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Rather than state the time and night of the week Joel mentions in his first stanza, we’d sing whatever time and night it actually was (“It’s 10:46 on a Friday!”) and then, after singing the ensuing line, stop and ask for a show of hands who had been in the place more than ten times in the past month. We’d pick a half-dozen or so to leave the room and shuffle back in when we sang the line about them doing so (but only after revising our timing—“It’s 10:48 on a Friday:” one must be accurate). The oldest musician in that night’s band would be the old man sitting next to the piano player, and so on. In short, we’d act the entire tune out. A highlight included “Now__________at the bar is a friend of mine” because as the lyrics aver, the character is “quick with a joke.” We’d stop and either Izzy on the floor or Bill or Tanya behind the bar would tell a joke, and it had to be a new one every night or we’d call them out.

We were constantly tweaking and adding to the routine, while adapting to the make-up and energy of a particular night, but some things remained the same. I’d always paraphrase Joel’s first line of the final verse, singing “It’s a helluva good crowd for a (day of the week)” and everyone would stamp and cheer. By now, we had people standing on the center table in front of the piano and often on the bar as well. This song seemed to make everyone pretty rowdy. It helped that, as with all immortal tunes, the chorus was an ear-worm with easy lyrics that appeared again and again (x3) so everyone sang at the top of their lungs, quenching their insatiable thirst by quaffing bountiful amounts of their chosen refreshing adult beverages.

The whole travesty climaxed with the immortal line about sitting at the bar and putting tips in the band’s jar. Once we’d bellowed that, we’d stop and announce “Billy Joel is an incredible musician and lyricist and THIS one line we just sang is perhaps his best lyric ever…so we’ll sing it again.” We would, and stop once again to say “Really, this is as good as anything by Shakespeare…if Billy Joel had only written this one lyric, he’d be forever remembered!” We sang it over and over (x3) until someone—often one of those “shuffling regulars,” got the hint. Into the jar would go a tip. We’d then continue the tune. Over time we realized that if more tips came in before we’d completed the song, we had a hit by returning, no matter what part of the tune we’d reached, to the line about sitting at the bar and putting tips in the jar and continuing on from there as if the record had skipped (any under-forties reading this, please consult an elder). On one memorable occasion, we ended up stuck in that section of the tune for over twenty minutes. Hoarse, exhausted and much wealthier then we’d been at the beginning of the night, we took a break.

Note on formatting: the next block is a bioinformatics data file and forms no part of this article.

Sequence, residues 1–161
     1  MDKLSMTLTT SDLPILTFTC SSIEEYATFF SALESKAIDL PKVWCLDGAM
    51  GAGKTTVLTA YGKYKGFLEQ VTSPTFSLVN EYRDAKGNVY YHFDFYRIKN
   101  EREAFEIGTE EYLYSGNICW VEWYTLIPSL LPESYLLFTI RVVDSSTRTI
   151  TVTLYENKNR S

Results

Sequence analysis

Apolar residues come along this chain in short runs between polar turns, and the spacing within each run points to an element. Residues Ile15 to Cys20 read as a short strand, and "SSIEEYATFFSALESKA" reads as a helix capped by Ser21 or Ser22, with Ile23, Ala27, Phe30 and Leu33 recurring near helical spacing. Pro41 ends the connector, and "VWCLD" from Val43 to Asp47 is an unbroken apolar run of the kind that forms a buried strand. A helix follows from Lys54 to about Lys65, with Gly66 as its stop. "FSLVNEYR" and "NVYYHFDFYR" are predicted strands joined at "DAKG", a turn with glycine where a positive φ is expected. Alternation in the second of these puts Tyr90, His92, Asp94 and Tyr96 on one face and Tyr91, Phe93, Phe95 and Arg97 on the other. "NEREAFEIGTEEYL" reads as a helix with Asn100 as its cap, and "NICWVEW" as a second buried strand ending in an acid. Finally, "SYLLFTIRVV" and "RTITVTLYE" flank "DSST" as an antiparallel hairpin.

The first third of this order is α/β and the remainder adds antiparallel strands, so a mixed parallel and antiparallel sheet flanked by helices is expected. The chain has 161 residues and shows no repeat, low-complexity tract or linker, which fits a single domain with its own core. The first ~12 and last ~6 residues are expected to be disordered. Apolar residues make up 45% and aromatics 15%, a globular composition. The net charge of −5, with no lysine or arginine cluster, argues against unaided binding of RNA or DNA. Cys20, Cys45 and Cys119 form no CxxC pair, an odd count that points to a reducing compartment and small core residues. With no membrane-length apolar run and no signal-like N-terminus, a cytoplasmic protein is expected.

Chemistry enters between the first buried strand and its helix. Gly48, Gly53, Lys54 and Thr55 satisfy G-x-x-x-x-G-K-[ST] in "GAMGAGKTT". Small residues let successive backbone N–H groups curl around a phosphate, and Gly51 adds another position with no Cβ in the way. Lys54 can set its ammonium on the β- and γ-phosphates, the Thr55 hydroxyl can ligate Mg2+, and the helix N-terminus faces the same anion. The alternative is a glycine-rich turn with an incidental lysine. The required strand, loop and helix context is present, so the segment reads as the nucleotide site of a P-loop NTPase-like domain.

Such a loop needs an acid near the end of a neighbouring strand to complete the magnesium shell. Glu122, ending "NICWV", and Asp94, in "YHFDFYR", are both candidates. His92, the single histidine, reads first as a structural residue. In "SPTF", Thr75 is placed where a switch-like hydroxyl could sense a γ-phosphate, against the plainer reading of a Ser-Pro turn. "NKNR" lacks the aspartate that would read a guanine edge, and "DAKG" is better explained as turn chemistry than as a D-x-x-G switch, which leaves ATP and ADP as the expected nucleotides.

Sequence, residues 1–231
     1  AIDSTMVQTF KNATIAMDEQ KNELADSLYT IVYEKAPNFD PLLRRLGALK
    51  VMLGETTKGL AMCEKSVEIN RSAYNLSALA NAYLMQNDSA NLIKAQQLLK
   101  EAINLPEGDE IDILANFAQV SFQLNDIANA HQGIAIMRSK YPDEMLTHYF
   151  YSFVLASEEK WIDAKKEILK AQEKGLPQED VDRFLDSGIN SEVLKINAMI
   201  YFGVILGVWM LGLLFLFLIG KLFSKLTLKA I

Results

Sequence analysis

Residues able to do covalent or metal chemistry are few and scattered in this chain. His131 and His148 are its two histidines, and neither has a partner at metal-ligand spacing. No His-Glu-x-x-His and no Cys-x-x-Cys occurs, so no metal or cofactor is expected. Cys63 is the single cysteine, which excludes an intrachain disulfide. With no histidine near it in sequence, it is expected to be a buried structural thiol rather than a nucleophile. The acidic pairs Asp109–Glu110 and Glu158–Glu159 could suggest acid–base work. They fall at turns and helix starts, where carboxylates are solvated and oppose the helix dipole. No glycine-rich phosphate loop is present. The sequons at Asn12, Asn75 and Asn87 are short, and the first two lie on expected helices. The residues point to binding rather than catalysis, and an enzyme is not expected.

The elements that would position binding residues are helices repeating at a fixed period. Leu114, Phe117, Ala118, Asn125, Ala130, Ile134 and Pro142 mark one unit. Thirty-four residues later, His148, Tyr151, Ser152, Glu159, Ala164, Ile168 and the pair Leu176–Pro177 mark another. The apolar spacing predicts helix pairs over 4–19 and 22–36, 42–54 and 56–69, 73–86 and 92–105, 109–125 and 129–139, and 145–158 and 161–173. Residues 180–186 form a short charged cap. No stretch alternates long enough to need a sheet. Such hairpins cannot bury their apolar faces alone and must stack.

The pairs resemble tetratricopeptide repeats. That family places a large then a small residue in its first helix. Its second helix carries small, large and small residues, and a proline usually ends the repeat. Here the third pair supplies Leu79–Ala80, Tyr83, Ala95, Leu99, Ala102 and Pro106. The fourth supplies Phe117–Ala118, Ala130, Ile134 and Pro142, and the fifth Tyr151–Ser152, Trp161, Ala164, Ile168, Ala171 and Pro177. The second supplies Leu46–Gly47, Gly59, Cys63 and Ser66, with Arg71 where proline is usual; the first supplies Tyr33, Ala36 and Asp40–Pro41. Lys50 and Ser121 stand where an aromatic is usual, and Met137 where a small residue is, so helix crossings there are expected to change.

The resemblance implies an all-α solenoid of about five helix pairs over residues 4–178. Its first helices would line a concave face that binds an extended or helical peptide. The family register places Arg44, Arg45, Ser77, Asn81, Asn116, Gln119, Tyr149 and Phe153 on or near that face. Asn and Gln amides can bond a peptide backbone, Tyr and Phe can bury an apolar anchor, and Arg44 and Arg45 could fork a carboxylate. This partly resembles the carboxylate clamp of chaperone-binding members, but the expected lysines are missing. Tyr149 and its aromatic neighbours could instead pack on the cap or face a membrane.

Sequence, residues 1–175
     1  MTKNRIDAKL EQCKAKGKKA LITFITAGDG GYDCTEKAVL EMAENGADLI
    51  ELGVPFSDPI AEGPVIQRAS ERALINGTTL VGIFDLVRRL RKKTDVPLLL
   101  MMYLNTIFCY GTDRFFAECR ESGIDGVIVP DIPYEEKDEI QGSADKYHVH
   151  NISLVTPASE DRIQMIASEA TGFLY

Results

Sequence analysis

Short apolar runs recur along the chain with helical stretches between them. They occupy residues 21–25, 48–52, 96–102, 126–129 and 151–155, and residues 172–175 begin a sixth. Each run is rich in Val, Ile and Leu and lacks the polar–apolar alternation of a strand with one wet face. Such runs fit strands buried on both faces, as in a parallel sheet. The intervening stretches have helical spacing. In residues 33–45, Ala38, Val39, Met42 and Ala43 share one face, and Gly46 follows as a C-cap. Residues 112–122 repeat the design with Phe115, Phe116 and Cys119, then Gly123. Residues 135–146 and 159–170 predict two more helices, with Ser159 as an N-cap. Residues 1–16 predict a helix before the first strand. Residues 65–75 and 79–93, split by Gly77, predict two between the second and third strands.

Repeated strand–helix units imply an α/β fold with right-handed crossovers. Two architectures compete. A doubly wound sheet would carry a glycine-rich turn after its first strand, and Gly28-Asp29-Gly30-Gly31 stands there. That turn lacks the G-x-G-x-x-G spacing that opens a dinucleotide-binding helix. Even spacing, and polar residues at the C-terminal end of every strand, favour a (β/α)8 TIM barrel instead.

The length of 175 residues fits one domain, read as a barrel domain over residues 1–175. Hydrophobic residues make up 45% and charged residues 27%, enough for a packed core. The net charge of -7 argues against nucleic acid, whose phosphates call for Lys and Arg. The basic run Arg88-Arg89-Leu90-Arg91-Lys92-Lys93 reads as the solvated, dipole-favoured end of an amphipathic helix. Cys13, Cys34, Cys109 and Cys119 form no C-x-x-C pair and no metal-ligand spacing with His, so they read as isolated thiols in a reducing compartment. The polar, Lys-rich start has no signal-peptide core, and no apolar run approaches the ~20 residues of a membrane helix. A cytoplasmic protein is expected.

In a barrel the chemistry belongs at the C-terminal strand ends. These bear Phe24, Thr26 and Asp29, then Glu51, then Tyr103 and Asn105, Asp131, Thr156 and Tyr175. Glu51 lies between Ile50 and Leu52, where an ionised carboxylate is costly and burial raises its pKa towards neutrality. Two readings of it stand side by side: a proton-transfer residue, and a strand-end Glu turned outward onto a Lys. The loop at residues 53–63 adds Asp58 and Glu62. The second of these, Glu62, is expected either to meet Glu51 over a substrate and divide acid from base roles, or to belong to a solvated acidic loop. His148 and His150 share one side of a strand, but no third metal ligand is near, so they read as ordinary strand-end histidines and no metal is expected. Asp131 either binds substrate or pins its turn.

We continued to fine-tune this routine to the point where if the crowd for the ensuing set remained the same as the previous one, we’d jump back to that line whenever a patron placed a tip in the jar and then immediately return back to the song we’d been doing. Regulars began to try and find the least appropriate time to tip us (“Oh, Danny Boy, the pipes the pipes are…AND THEY’D SIT AT THE BAR etc…calling, from glen to glen…).

On the rare singalong gigs I still do, this routine always works. I freely offer it to any bar performers out there; everyone wins.

Nauck

The Waiter who DIDN’T cry “WOLF”

On one fateful night, Izzy was up to his old tricks. He placed a note on the piano that read: “Not tonight. Just do it straight…BJ really is having dinner in the back room.”

“Stinking liar!” thought I. “We’ll see about that!”

And we poured it on. We added bits to the already insane version we’d fashioned, going farther than we ever had in the past: wilder, louder, more obnoxious then ever before. We finished, breathless, to thunderous applause (the manager had to come in three times to ask the bar to tone it down) and, while we were swigging our well-deserved grog, Maestro Joel emerged from the back dining room with his entourage, threw everyone a kiss, and left the bar into the lobby of the hotel!! I took an extra-long break and hid behind some beer kegs (with a refillable mug for fortification) until I surmised he’d left. I needn’t have worried. The manager actually did give me a smile and said, “Mr. Joel told me he was very amused and that it must be you they’ve been coming to see.” Whew! Mr. Joel is not only a genius musician, he’s a mensch, and I am sincerely grateful (as well as lucky) and send him my thanks!

Jeff Barnhart is an internationally renowned pianist, vocalist, arranger, bandleader, recording artist, ASCAP composer, educator and entertainer. Visit him online at www.jeffbarnhart.com. Email: [email protected]